When my front brakes stopped working, I did start to wonder whether this was such a great idea. But I’m getting ahead of myself – let’s go back to the beginning …
Mark Garner came up with genius plan of buying cheap bikes (maximum price of £30) and then riding a route with a set of mystery “Top Gear”-style challenges along the way, and finally donating our machines to a bike-reuse charity at the end. Four of us assembled for the challenge at the Bridge on a wet Saturday morning just before Xmas – Mark Garner, Duncan Coombes, Luke Stratford and your author, Steve Hammatt. Tom Garner also came along to help out with the event.
I’d managed to pick up a very decent Scott mountain bike for just £20 (amazing what you can find on Facebook Marketplace amongst the tat). So I was well under the target price and should be picking up some bonus points for that. Suitably decorated with tinsel and lots of fairy lights, I drove down to the bridge with my steed (not fancying the extra work of pedalling a heavy bike to the Bridge and back when I didn’t know what
horrors challenges lay ahead). However, I found myself out-Xmas’ed by Duncan, who had gone full Elf!
Duncan had previously pulled out of the challenge because he had been needed for work, only to then find at the last minute that he wasn’t needed after all. So although he hadn’t picked up a cheap bike, he came down on one of his own bikes with the promise to donate some money to the charity (details of the charity at the end of this article).
You’ll also see above Mark’s very impressive (and very heavy) old-school fixie, complete with handy basket. This was apparently his back-up bike, having failed to dislodge a stuck seat post on his original cheap bike and destroyed the frame in the process – oops! Luke brought an old mountain bike of his own that he had previously used for cycling to the station (for challenge purposes assumed to have cost £30).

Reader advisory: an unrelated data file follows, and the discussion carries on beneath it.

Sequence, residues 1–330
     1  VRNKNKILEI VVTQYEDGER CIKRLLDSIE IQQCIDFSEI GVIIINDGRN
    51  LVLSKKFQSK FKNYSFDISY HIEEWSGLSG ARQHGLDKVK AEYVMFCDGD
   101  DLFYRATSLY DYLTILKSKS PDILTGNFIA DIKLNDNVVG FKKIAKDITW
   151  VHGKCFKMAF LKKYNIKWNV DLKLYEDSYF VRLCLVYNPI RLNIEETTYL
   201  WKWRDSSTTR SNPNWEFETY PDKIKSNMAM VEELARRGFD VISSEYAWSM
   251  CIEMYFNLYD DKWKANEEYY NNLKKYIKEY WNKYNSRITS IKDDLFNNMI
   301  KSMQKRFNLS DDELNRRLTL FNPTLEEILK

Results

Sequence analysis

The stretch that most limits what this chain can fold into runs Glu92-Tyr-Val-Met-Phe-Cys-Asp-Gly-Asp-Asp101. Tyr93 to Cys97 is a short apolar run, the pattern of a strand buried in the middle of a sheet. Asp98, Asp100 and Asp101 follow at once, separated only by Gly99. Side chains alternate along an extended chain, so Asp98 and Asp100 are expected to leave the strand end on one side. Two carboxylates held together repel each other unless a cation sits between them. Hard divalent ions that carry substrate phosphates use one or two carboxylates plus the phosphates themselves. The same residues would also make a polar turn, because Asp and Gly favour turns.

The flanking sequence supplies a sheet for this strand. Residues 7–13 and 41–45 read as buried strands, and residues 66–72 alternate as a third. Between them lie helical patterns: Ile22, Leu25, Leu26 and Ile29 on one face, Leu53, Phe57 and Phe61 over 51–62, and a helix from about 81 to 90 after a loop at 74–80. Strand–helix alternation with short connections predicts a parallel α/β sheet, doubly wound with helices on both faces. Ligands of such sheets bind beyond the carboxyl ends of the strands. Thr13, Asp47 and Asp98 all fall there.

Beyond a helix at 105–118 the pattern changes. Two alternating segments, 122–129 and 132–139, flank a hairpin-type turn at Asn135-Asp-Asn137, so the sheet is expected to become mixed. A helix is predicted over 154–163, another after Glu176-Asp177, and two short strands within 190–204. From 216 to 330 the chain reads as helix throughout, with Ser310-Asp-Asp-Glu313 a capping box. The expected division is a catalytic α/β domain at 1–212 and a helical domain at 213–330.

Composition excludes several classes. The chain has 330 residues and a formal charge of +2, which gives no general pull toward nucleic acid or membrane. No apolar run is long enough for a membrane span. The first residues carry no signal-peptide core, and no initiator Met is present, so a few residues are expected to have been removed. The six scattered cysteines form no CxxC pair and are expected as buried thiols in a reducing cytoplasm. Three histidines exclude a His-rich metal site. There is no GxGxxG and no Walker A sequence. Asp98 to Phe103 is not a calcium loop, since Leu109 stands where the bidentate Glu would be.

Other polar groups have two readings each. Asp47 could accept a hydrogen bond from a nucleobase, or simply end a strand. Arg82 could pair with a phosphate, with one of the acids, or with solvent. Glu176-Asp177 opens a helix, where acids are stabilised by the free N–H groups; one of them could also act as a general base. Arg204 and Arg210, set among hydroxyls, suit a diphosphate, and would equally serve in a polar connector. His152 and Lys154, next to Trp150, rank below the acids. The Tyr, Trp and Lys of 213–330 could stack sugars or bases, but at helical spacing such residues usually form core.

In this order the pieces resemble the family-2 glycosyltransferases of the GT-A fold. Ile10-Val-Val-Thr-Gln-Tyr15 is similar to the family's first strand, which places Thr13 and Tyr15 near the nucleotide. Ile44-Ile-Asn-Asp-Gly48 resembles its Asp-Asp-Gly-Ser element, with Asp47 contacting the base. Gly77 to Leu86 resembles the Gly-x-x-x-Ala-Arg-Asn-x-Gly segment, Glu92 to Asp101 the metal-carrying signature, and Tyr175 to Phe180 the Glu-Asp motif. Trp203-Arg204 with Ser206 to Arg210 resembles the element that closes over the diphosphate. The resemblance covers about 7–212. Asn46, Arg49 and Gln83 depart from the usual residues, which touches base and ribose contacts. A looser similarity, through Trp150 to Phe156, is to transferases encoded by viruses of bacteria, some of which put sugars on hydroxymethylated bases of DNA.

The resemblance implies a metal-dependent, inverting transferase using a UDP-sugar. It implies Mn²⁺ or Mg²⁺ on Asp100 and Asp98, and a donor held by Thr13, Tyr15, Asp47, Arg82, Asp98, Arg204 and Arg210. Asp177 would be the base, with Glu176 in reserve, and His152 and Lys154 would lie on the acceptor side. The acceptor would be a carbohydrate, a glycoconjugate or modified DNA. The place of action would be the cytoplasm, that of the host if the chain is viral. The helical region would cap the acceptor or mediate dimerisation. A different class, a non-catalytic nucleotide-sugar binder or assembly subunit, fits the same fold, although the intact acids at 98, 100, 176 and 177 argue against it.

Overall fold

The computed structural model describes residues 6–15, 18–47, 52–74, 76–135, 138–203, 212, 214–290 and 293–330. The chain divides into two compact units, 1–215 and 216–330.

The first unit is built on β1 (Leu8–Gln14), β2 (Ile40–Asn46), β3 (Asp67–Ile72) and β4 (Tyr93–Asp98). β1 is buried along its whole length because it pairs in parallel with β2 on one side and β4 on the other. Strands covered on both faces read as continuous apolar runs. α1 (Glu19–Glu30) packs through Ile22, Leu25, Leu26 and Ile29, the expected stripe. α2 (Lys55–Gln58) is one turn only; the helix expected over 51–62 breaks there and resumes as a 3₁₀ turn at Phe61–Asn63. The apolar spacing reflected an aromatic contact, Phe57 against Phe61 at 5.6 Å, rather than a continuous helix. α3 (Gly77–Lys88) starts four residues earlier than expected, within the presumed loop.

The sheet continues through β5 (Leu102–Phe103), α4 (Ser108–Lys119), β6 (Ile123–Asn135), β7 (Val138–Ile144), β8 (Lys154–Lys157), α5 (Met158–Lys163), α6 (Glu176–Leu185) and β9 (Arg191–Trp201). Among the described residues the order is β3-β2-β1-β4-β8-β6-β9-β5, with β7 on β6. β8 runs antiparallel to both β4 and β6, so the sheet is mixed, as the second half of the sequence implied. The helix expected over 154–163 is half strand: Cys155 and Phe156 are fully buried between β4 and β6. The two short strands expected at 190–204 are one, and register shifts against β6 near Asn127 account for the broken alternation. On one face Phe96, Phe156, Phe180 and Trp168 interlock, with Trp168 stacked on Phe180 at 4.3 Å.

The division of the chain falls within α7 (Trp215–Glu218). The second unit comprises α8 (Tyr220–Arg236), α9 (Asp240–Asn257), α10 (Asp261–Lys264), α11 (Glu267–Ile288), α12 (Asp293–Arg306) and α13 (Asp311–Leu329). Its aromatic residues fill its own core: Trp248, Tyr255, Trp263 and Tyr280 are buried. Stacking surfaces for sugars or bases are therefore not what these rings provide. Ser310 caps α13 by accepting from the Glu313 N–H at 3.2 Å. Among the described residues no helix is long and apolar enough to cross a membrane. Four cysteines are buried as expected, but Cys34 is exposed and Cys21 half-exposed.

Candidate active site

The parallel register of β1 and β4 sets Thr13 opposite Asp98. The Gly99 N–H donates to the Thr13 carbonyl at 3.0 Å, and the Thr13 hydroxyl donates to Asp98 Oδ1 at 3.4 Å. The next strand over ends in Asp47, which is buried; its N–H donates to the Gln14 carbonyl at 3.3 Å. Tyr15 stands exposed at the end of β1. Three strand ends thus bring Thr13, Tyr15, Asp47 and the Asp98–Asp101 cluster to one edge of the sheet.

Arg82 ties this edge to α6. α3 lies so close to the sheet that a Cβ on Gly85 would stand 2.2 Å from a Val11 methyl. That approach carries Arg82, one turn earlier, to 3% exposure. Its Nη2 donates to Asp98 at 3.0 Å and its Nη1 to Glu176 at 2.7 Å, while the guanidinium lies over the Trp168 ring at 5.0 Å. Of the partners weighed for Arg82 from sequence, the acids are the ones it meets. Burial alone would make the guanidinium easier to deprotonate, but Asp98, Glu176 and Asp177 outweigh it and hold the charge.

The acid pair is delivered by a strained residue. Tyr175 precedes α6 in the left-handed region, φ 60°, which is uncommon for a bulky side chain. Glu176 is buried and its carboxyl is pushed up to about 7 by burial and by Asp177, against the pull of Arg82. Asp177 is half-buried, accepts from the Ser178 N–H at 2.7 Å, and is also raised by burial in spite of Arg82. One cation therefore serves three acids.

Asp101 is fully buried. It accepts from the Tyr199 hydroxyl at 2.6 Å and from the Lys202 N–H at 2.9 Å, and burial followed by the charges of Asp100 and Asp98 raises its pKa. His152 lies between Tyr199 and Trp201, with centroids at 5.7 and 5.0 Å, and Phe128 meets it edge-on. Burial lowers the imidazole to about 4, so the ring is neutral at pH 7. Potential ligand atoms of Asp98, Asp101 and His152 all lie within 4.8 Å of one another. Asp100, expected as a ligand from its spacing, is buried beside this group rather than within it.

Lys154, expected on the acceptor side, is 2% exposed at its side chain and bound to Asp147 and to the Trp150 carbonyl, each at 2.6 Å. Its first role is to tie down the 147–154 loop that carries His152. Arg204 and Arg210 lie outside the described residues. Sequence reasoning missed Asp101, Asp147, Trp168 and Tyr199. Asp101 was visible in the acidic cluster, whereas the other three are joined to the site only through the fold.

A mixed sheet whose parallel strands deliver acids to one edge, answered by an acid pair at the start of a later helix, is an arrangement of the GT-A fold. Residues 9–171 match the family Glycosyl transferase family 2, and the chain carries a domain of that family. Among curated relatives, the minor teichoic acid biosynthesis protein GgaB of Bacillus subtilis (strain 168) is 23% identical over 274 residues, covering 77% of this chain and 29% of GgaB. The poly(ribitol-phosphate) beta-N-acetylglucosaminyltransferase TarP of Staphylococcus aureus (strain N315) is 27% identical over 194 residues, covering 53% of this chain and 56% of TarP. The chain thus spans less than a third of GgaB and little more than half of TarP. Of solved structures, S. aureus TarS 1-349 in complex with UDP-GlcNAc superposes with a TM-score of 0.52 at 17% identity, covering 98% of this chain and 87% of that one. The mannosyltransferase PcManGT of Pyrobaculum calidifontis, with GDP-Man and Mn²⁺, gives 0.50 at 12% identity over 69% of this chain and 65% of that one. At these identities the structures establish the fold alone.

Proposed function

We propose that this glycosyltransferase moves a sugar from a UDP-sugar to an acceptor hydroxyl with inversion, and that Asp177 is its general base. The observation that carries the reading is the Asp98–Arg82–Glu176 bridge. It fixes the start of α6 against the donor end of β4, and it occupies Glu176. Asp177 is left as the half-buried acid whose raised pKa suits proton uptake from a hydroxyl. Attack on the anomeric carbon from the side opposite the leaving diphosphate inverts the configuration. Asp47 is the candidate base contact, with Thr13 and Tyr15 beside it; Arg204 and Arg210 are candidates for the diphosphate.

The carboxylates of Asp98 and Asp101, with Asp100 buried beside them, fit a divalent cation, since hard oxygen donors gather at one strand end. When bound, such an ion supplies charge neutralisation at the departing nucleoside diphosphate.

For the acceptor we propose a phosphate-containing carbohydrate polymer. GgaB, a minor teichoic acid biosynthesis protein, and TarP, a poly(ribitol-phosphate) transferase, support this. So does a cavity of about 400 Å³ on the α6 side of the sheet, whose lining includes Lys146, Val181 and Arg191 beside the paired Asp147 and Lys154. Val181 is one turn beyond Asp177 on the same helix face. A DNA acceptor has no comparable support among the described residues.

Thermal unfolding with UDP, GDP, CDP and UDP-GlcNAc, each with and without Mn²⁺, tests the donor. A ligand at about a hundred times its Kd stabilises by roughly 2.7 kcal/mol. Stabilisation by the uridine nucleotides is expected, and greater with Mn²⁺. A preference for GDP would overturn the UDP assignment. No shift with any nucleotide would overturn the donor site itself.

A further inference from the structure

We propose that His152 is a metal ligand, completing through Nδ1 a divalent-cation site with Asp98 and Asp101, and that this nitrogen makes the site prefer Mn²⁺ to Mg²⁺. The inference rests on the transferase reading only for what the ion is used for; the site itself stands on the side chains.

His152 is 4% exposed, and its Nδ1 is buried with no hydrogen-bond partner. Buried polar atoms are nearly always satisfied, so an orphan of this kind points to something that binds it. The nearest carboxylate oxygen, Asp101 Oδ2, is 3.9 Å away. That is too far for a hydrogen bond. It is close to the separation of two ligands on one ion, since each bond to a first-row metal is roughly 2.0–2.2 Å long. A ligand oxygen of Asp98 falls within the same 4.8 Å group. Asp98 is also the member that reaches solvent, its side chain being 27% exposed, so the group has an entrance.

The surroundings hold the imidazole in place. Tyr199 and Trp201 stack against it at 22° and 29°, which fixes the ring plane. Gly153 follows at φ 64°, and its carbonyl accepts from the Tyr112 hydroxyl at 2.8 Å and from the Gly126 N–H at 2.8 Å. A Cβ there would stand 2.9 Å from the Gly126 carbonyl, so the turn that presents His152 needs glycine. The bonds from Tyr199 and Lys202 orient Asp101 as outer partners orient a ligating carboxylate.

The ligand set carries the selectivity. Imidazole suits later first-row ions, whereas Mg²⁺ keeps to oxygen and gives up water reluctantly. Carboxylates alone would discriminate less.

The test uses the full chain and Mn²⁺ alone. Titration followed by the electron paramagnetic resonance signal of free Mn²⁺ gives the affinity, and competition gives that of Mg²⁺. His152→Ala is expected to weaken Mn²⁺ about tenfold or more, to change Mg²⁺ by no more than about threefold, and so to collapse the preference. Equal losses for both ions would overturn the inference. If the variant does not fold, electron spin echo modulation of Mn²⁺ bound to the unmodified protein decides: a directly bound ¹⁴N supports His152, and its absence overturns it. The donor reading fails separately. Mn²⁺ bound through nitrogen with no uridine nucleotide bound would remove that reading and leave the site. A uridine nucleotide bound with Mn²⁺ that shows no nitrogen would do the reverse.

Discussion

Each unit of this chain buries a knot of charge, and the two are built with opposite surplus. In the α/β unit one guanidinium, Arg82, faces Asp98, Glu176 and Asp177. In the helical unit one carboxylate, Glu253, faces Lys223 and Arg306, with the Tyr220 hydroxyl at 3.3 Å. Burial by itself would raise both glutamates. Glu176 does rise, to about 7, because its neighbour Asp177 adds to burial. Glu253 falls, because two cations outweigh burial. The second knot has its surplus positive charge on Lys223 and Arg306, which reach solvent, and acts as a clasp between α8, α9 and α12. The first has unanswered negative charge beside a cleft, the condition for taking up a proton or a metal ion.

The weather was initially unkind to us and we started off with heavy rain. We waited a while for it to abate, but we had no luck with that so set off for our adventure anyway. Through the airfield we went, and I started to try and get used to my unfamiliar mount (just one brief trip round the block before this). It felt heavy, and the position was a lot more upright compared to my usual road bike, but it seemed pretty good for the price and the gears were working well (my triple front chainring would come in useful later!).
Mark’s chain came off on the way over – minus points for a mechanical! My front brake started to lose effectiveness too, and I started to be concerned that I’d have to pull out. Luckily, it turned out to be simply that one of the brake block holders had slipped down the caliper, which was easily fixed with an allen key.
We headed onto the Army ranges at Ash Vale, which was a new experience for me. I knew they were there and available to cycle on, but hadn’t actually visited before. The rain stopped when we arrived, so that let us begin to dry out. On to the first challenge!